Batalov, Aleksei

The following article is from The Great Soviet Encyclopedia (1979). It might be outdated or ideologically biased.

Batalov, Aleksei Vladimirovich


Born Nov. 20, 1928, in the city of Vladimir. Soviet film actor and director. People’s Artist of the RSFSR (1969).

In 1950, after having graduated from the Moscow Art Academic Theater Studio, Batalov joined the troupe of the Central Theater of the Soviet Army. From 1953 to 1956, he was an actor in the Moscow Art Academic Theater. In 1954, Batalov made his film debut in the role of the worker Aleksei Zhurbin (A Large Family). He then played the role of the chauffeur Sasha Rumiantsev (The Rumiantsev Case, 1956). The role of the young contemporary occupies a major place in Batalov’s work. His best roles include Boris (in the film The Cranes Are Flying, 1957), the young physics scholar Gusev (in the film Nine Days in One Year, 1962), and the doctor Ustimenko (in the film My Dear Man, 1958). In film versions of works of classical literature, Batalov played the roles of Pavel Vlasov (Mother, after M. Gorky) and Gurov (The Lady With the Dog, after A. P. Chekhov). In 1960 he made his debut as a film director (in the film The Overcoat). In 1966 he directed the film Three Fat Men in which he played the role of the rope walker Tibul. Batalov was awarded the Order of Lenin.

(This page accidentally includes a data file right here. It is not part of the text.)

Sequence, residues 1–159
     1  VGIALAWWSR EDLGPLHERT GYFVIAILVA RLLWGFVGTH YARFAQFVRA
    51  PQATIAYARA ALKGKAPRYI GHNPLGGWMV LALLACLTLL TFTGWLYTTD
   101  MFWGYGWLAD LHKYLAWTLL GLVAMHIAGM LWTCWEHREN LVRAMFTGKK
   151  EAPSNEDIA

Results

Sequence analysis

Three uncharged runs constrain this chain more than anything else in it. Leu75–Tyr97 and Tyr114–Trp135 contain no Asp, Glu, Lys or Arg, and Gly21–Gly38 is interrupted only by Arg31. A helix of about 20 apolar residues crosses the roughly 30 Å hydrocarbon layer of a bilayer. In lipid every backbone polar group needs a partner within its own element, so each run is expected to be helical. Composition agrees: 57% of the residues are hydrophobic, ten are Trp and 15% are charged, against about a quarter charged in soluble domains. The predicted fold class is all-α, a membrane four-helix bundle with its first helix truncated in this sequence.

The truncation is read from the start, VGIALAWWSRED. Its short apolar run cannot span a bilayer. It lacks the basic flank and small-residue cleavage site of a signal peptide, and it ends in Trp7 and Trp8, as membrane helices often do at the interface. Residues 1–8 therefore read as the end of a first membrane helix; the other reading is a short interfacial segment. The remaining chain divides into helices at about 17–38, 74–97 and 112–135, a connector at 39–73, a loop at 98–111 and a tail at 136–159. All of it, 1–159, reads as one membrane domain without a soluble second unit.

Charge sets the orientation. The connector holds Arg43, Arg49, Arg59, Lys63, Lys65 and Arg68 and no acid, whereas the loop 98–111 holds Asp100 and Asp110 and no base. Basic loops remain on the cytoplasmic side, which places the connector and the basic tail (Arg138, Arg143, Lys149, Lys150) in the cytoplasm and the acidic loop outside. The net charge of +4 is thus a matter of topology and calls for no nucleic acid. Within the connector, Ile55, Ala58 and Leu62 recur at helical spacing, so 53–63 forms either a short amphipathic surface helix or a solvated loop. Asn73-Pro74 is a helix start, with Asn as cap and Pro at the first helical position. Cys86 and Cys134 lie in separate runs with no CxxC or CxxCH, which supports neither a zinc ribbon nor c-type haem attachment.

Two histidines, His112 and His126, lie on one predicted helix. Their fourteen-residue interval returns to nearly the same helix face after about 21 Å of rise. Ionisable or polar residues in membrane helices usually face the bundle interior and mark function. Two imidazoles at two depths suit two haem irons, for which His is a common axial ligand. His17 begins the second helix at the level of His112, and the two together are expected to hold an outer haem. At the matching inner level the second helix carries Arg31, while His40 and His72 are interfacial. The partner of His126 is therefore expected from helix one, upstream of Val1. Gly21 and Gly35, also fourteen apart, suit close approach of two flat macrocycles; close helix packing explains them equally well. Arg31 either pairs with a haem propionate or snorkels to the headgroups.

The Great Soviet Encyclopedia, 3rd Edition (1970-1979). © 2010 The Gale Group, Inc. All rights reserved.